I do not want to oversimplify the influences on Jim Jones’ behavior, but I cannot help but wonder what would have happened if he spent a little less time adapting worship songs for his own glorification, and a little more time allowing the music of African American faith – music that has represented resistance to white supremacy from its origin – to challenge himself. I find many white people in power can experience the intensity of expression in Black worship and gospel music as itself dissonant and provocative. What if Jones, honoring a presumably beloved tradition to many of his Black parishioners, had just spent more time singing a song like “Fix Me, Jesus”? I can’t imagine things would have ended quite the same way.
My commitment remains to work within the ethics of avant-gospel in everything I do. This past December, I served as inaugural music director for Lorraine Hansberry Theater’s Halie! The Mahalia Jackson Musical in San Francisco and keyboardist for a production of Regina Taylor’s Crowns, centered around women in the Black church. As a white person, any integrity I may have found in my over 15 years playing, working, and building relationships in gospel music and Black churches can only have come from the avant-gospel principles of humility, accountability, and acknowledgement of the privilege and positions of power I often end up in, principles that I learned in composing Heaven Down Here.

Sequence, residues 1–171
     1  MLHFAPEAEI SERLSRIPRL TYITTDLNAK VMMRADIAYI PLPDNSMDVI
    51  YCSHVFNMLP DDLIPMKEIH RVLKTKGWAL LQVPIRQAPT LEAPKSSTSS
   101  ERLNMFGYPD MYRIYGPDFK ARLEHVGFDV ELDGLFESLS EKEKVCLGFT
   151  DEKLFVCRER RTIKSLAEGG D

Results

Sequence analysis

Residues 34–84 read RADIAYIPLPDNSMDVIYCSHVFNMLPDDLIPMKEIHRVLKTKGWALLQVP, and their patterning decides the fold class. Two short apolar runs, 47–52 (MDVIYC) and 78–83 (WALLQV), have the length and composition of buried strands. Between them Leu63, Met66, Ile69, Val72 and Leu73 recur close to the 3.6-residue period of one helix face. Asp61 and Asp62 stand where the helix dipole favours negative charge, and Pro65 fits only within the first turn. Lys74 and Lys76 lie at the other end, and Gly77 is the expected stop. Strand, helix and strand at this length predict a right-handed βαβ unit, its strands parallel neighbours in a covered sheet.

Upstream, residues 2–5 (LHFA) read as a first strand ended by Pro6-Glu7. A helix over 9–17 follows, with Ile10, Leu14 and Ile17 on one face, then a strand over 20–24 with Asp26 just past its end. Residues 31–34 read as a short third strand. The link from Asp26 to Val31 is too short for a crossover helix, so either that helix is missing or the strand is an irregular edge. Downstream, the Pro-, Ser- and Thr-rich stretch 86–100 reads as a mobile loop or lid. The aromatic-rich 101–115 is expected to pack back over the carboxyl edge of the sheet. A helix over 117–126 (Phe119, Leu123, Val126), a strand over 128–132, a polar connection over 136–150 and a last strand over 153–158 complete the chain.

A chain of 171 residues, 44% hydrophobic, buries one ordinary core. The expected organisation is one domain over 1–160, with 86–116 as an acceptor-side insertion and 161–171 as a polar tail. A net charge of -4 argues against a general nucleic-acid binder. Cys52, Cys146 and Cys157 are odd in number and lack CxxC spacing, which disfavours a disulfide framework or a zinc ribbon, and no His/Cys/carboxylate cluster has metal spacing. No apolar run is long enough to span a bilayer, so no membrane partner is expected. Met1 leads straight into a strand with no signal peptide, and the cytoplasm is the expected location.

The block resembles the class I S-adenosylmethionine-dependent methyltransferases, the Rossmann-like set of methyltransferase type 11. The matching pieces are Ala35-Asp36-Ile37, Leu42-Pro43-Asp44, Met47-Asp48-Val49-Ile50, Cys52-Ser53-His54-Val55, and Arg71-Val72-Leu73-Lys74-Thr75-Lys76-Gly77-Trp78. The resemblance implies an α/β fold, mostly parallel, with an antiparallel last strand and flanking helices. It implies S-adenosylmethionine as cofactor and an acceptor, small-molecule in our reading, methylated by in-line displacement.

My avant-gospel vision for intentionally radical and unconventional musical and aesthetic dialogue in the spirit of accountability to Black spiritual aesthetics may be most visible in my work arranging spirituals and gospel songs for In the Water and Heard the Voice, two albums with Edgetone Records. But this vision also deeply informs my current work with Darnell Ishmel, as well as Soyinka Rahim, and her BIBOLOVE spiritual practice rooted in her Black queer experience. The principles of avant-gospel also gave me a sense of vision for more recent solo projects, with the hope of creating dissonance that could specifically afflict the comfortable parts of ourselves who are complacent with traditions that are rooted in white supremacy, in the polytonal mashups as deconstruction of established musical material. And I think it led me into the vulnerable and uncharted territory of improvisation, and navigating experimentation and accountability in real time, in #1000improvisations, my three years of live daily keyboard improvisations – beginning here – since the start of the COVID-19 pandemic.
While it may have been necessary for me to move away from working with Heaven Down Here and Peoples Temple directly, I hope I will always hold onto how it has helped me grow as a person and as a musician, and I hope it will continue to guide my work, and perhaps even serve as a model for others working in arts, activism, and community building.
(Andrew Jamieson may be reached at AndrewBarnesJam@gmail.com.)